At some point in our lives, many Australians will have a date with destiny: Dealing with a decision to remove our wisdom teeth. While for most of us the decision can be relatively simple, deciding on the actual procedure (in-chair versus surgical) may be a major challenge for some.
There is no “one size fits all” check list that will help determine which route you should take to have your wisdom teeth removed.
The final decision will rest on individual circumstances and preferences.
Here are a few elements that go into the decision-making process. You’ll need to measure each of them against your individual situation to help you make a decision that’s right for you.
Should You Dare The Chair?
As mentioned earlier, which choice you make will largely depend upon your individual circumstances, the state of your general health and the condition of your wisdom teeth when you first walked into the dentist’s office:
Do you have a dental phobia?
If you are overly scared in a dental chair, then perhaps having your wisdom teeth removed in one may be a bad idea.
True, you’ll probably have local anaesthetic (LA) to give you moral (and physical!) support, but that may not be enough to get you through the entire procedure. Surgery, under general anaesthetic (GA) may be what you want!
Do you have pre determined health issues?
Some patients with conditions like high-blood pressure or heart arrhythmia may run higher risks when undergoing some surgical procedures under general anaesthetic. When deciding on which route to take, in-chair or surgical, make sure you not only consult with your physician about the suitability of a particular procedure, but also advise your dentist/dental surgeon of your health condition. If the risks are high for you then the surgeon may recommend an in-chair procedure over surgical extraction.
Are you cost conscious?
For some individuals, cost will be a deciding factor when it comes to an in-chair versus surgical procedure. A simple in-chair wisdom tooth removal will set you back between $225 and $250, while surgical removal could cost up to $375 or more, with a maximum cost for 4 surgical removals reaching up to $970. (visit this page for more wisdom teeth removal cost figures)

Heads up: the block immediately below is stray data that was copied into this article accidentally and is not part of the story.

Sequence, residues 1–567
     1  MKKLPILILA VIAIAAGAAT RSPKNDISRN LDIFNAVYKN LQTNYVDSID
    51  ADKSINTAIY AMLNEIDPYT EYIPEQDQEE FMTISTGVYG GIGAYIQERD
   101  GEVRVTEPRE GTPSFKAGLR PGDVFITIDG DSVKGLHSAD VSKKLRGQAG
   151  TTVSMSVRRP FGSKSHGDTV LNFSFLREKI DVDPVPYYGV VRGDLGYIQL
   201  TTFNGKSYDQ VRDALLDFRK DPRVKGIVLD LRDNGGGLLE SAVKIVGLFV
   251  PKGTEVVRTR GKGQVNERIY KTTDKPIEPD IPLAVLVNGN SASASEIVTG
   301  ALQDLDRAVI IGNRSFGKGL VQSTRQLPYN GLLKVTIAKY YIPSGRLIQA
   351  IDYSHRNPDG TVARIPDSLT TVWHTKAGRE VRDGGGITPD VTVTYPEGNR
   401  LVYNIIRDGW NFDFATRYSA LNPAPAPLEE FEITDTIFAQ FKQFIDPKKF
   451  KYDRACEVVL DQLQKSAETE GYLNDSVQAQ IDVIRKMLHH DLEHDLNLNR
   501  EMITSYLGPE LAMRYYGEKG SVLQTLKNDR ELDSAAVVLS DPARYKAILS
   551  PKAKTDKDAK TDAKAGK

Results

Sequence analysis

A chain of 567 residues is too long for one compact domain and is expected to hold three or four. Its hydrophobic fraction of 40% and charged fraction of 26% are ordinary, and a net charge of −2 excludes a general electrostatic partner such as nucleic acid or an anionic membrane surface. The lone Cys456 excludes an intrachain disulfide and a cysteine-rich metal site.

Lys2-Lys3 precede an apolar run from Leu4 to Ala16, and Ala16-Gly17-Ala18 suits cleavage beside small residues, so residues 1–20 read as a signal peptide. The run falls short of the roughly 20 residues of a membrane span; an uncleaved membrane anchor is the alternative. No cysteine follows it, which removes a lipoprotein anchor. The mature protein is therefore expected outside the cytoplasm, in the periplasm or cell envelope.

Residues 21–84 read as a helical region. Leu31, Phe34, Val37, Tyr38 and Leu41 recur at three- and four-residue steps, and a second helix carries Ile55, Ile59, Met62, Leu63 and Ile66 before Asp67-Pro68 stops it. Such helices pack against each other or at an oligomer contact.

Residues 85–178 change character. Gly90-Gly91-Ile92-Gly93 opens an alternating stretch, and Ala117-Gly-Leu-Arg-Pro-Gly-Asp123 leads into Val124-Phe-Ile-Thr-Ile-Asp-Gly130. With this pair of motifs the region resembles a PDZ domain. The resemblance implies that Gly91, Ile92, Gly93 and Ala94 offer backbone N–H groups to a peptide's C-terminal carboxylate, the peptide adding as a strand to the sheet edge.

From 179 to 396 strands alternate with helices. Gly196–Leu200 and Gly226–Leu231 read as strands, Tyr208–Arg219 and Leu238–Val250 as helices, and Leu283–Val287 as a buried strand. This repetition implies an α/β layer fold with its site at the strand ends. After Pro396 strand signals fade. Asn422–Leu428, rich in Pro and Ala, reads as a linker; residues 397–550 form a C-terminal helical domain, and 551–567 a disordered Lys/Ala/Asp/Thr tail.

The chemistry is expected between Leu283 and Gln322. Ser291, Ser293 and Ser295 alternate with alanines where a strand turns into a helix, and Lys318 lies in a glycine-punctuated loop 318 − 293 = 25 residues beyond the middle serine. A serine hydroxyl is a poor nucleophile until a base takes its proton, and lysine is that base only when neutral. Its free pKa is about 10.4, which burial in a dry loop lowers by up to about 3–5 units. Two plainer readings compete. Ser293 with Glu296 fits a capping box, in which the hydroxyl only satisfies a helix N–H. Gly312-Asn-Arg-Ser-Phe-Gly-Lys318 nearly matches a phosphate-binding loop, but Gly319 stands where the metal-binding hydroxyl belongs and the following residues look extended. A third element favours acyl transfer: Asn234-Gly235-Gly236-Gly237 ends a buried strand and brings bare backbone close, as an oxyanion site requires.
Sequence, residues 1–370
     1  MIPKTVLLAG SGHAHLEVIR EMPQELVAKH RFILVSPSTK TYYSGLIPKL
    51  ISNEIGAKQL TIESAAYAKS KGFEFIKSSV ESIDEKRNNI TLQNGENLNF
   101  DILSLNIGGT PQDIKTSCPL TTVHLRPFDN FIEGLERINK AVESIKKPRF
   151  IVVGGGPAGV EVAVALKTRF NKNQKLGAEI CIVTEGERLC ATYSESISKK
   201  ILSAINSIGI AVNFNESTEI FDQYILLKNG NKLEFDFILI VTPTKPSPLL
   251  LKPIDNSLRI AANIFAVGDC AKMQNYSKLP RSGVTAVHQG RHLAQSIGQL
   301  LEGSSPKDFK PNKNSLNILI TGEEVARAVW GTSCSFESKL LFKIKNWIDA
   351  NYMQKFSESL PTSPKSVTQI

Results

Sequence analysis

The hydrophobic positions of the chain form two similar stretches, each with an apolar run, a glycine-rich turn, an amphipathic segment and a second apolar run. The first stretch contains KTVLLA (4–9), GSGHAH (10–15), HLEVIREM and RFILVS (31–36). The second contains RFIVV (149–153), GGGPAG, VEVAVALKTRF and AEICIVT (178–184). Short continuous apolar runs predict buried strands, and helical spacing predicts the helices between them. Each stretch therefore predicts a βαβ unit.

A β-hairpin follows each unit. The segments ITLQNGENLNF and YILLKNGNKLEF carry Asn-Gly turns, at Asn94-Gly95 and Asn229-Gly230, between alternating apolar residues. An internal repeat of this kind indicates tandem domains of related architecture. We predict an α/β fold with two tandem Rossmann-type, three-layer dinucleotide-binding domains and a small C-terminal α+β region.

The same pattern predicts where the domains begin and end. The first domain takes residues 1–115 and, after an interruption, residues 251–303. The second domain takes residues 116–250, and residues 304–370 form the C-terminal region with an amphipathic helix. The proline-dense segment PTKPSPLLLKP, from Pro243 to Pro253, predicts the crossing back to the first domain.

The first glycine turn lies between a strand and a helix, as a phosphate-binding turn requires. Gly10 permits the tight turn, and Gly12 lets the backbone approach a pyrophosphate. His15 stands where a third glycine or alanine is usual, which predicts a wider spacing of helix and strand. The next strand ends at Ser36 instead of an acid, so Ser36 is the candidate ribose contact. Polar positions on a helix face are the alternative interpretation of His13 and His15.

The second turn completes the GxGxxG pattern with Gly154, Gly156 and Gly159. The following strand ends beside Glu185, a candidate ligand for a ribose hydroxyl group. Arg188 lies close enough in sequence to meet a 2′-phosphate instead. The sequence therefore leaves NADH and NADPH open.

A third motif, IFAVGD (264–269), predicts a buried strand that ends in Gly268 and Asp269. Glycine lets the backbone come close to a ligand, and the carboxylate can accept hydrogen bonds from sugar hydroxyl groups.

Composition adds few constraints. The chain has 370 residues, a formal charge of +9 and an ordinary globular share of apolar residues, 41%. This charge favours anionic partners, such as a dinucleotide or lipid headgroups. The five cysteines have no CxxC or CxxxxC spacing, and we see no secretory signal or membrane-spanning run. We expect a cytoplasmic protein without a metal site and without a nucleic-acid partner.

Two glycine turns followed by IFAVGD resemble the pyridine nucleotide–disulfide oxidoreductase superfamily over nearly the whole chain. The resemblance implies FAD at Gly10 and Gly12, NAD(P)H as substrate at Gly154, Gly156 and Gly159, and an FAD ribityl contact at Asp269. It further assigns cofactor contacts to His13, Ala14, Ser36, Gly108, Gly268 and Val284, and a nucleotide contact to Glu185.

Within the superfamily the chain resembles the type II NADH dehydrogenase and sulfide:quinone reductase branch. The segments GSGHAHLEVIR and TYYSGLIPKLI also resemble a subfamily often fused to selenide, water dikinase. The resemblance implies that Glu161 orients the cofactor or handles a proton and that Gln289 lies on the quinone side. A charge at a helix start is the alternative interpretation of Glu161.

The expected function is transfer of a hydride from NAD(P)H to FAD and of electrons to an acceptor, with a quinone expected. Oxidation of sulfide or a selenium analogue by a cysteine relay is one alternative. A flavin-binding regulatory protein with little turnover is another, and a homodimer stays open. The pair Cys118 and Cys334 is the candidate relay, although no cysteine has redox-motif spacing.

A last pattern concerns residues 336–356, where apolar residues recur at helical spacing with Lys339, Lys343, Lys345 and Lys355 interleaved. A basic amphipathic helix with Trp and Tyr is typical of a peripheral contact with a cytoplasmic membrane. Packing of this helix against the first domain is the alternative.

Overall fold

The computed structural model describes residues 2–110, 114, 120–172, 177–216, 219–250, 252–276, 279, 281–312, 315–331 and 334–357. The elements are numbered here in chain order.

Many surgical procedures can be conducted under LA at dental clinics. However, where a patient has to be sedated or operated under GA, the procedure may need to be conducted at a designate hospital. Additional charges, including those of an Anaesthetists, may therefore need to be factored into your decision.
Cost-related decisions, whether it’s for an in-chair or surgical procedure, may also be influenced by the nature and type of private health insurance coverage (or lack thereof!) that you carry.
What is the state of your surrounding teeth, gums and jaw bone structure?
For most patients, an in-chair procedure will likely be the obvious choice. However, patients with major issues with adjacent teeth, or where the wisdom tooth are “crowded” or “impacted”, or where they suffer with bone density issues, a surgical extraction may be the only available option.
The Bottom line
The best person to determine whether an in-chair extraction is the best for you, or whether you should undergo surgery, is your dentist.
In most cases he/she will recommend which route you should take when having your wisdom tooth removed.
If the recommendation is for an in-chair removal, then it usually means the procedure will be straightforward. You should rest easy!
A surgical removal however does not always spell trouble. While dentists will often recommend that route when they foresee some complications, in the hands of an experienced and trained team of specialists, it doesn’t make the procedure riskier than the dozens they perform each day.
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